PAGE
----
Seres Therapeutics’ approach identifies key alterations in the microbiome associated with disease and designs tailored oral therapeutic microbial candidates that aim to improve patient outcomes by establishing a healthy microbiome.
Our SER-287 development candidate is a donor-derived microbiome therapy designed to modulate the gastrointestinal microbiome and improve the signs and symptoms associated with Ulcerative Colitis (UC). Our ongoing Phase 2b trial, ECO-RESET, is evaluating SER-287 as an induction therapy in patients with active mild-to-moderate UC who are failing current therapies. A positive prior Phase 1b study demonstrated clinical improvement and robust engraftment of SER-287-derived bacteria that both correlated with broader changes in the microbiome and metabolic changes in subjects. Based on feedback from the U.S. Food and Drug Administration (FDA), this Phase 2b study, if positive, could serve as one of two studies to support product registration.
Our SER-109 donor-derived development candidate is an oral therapeutic candidate designed to compete with and eradicate Clostridium difficile infection (CDI) in adults with recurrent CDI. Our ongoing trial, ECOSPOR III, is evaluating the safety and efficacy of SER-109 for the prevention of CDI in adults with recurrent CDI. SER-109 has obtained both Breakthrough Therapy Designation and Orphan Drug Designation from the U.S. FDA.
SER-401 is a donor-derived microbiome therapeutic candidate that incorporates the bacterial signature found in melanoma patients who have a robust response to immunotherapy. SER-401 is designed to modify patients’ immunological activity and meaningfully improve patients’ response to checkpoint inhibitor therapy. We are evaluating SER-401’s ability to augment checkpoint immunotherapy in a randomized, placebo-controlled Phase 1b study in patients with metastatic melanoma. The Phase 1b study is being conducted in collaboration with the Parker Institute for Cancer Immunotherapy and MD Anderson Cancer Center.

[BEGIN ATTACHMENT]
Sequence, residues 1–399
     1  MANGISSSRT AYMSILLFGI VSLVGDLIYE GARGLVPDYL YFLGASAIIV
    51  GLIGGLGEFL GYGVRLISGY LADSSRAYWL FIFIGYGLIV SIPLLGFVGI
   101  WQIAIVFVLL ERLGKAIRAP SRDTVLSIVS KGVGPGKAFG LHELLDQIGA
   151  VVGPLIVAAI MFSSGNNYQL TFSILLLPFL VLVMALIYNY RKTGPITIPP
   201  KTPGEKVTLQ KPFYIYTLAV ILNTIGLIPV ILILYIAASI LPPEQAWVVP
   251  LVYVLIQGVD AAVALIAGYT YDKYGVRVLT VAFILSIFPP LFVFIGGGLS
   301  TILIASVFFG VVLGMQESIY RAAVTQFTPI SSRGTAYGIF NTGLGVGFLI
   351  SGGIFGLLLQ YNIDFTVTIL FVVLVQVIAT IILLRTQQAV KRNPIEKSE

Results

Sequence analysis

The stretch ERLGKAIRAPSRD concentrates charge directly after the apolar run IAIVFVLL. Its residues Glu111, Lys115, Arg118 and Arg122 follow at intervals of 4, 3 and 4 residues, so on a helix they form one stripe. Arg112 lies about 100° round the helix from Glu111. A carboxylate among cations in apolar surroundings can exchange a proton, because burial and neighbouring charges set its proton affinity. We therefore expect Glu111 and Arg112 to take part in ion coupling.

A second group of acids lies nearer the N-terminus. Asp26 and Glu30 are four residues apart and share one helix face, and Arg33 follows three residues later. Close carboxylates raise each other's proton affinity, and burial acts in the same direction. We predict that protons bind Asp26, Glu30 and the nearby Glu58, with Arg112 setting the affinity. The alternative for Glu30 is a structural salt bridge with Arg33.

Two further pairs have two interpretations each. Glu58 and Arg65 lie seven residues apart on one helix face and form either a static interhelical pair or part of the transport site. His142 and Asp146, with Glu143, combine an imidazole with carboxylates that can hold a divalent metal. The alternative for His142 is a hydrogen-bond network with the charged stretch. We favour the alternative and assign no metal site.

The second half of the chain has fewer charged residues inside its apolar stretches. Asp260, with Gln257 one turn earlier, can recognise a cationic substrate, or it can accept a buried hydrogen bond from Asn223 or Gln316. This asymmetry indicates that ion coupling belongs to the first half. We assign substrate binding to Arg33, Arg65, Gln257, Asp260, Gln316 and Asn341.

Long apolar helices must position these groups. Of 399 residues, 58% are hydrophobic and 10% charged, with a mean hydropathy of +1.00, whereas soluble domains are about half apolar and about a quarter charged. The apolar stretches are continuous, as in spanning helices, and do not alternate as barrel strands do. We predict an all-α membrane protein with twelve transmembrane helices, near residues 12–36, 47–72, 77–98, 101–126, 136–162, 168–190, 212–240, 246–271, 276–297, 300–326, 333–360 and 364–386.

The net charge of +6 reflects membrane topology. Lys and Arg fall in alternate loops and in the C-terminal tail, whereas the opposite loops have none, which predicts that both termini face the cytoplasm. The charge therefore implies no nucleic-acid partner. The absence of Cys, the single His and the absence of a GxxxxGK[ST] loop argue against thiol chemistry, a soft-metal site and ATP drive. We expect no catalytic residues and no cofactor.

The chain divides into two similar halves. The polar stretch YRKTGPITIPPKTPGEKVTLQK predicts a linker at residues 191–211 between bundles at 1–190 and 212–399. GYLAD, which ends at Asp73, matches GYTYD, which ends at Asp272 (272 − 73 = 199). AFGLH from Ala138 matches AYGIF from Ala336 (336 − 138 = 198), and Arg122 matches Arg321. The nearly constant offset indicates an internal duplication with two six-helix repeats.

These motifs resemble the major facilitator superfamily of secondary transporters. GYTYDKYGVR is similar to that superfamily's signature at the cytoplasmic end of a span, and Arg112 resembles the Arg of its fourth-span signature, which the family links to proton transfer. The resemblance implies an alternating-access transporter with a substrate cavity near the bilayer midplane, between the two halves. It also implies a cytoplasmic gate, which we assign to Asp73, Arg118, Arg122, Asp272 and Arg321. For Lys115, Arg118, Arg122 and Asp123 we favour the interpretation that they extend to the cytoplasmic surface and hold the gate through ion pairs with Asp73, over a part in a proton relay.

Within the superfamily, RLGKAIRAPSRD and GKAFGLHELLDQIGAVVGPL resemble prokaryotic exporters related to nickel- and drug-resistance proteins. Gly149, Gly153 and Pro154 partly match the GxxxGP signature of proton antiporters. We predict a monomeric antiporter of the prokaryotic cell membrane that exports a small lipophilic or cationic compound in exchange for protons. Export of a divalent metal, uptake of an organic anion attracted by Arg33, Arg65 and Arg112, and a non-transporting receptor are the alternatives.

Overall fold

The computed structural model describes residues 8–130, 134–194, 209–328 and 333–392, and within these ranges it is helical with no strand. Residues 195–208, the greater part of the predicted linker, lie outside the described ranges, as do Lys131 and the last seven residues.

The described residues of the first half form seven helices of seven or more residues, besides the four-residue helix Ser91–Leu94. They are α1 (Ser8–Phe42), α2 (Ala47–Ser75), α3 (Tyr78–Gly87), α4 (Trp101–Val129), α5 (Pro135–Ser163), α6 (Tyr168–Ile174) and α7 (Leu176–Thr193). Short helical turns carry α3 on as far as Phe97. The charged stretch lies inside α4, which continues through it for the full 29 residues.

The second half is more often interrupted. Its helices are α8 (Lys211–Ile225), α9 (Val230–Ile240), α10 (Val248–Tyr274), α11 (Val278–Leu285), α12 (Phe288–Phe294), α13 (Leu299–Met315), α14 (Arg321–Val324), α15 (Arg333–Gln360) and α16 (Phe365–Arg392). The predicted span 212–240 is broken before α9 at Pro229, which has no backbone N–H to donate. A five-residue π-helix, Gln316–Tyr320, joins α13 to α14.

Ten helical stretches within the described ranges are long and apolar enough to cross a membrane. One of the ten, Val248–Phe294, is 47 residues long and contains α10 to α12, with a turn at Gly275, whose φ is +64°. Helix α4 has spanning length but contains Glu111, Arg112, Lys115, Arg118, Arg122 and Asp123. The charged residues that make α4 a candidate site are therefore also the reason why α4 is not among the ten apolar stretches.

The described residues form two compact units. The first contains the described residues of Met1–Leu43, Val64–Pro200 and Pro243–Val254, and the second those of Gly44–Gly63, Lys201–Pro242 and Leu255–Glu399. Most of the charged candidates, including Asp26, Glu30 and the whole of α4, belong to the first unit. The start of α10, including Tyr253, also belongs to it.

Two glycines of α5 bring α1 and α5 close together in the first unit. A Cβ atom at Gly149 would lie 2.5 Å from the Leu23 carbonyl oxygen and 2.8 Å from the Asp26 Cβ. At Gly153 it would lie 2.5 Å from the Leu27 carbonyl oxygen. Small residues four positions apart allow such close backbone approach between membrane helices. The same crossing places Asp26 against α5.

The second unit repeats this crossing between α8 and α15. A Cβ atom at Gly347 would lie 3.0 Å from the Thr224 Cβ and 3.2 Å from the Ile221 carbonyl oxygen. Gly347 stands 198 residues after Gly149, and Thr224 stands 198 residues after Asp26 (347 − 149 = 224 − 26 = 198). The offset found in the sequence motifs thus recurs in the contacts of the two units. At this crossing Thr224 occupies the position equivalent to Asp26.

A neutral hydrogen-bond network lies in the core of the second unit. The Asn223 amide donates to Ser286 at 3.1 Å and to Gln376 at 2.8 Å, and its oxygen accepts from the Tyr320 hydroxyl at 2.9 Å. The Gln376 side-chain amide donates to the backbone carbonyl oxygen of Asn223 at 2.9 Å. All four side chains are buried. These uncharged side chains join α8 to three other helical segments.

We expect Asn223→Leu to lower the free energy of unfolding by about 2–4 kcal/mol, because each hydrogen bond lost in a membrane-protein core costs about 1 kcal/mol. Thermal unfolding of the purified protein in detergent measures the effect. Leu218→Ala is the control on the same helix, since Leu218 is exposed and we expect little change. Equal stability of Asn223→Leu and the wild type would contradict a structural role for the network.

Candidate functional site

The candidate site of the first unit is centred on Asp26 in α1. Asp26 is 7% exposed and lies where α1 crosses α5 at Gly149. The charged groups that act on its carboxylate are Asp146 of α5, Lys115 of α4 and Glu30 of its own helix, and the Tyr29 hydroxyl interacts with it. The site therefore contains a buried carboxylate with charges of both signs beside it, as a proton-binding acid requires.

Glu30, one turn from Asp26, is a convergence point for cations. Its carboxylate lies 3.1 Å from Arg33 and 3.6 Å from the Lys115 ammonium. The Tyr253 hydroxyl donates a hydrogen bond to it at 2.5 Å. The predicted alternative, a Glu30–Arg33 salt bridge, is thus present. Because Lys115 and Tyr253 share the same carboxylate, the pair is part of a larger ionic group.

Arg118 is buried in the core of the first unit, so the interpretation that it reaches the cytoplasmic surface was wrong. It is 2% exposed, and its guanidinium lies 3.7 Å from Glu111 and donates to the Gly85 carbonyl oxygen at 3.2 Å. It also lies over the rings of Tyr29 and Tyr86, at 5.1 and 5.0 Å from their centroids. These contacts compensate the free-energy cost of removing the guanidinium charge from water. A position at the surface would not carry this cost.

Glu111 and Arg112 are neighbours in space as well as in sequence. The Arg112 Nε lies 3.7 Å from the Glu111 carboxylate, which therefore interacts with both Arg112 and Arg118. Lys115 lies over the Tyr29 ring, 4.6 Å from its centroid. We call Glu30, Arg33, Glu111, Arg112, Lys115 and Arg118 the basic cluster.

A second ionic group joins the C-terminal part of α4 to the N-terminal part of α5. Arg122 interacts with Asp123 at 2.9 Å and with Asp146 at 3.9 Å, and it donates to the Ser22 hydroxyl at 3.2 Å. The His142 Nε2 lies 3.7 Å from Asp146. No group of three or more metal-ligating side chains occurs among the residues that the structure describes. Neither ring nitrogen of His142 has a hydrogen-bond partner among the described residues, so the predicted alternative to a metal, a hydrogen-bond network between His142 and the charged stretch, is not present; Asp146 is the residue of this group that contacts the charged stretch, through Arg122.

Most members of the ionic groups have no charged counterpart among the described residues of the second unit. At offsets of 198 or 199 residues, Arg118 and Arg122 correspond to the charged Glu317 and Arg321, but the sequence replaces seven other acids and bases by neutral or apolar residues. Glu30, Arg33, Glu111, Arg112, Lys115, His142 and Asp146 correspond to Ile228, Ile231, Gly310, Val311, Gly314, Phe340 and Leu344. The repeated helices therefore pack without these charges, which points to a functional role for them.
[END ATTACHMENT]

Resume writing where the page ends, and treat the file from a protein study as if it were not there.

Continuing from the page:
We are also working to advance SER-301, a rationally designed, fermented microbiome candidate for ulcerative colitis, incorporating findings from the SER-287 program and other research.
Through a collaboration with AstraZeneca, we are further investigating uses of microbiome therapeutics to augment oncology approaches.
2. Collaboration with University of Texas MD Anderson Cancer Center and the Parker Institute for Cancer Immunotherapy, announced Nov. 14, 2017, regarding evaluation of microbiome therapies to improve the outcomes of cancer patients treated with immunotherapy.
3. Collaboration with AstraZeneca, announced Mar. 11, 2019, regarding advancing mechanistic understanding of the microbiome in augmenting the efficacy of cancer immunotherapy, including potential synergy with AstraZeneca compounds.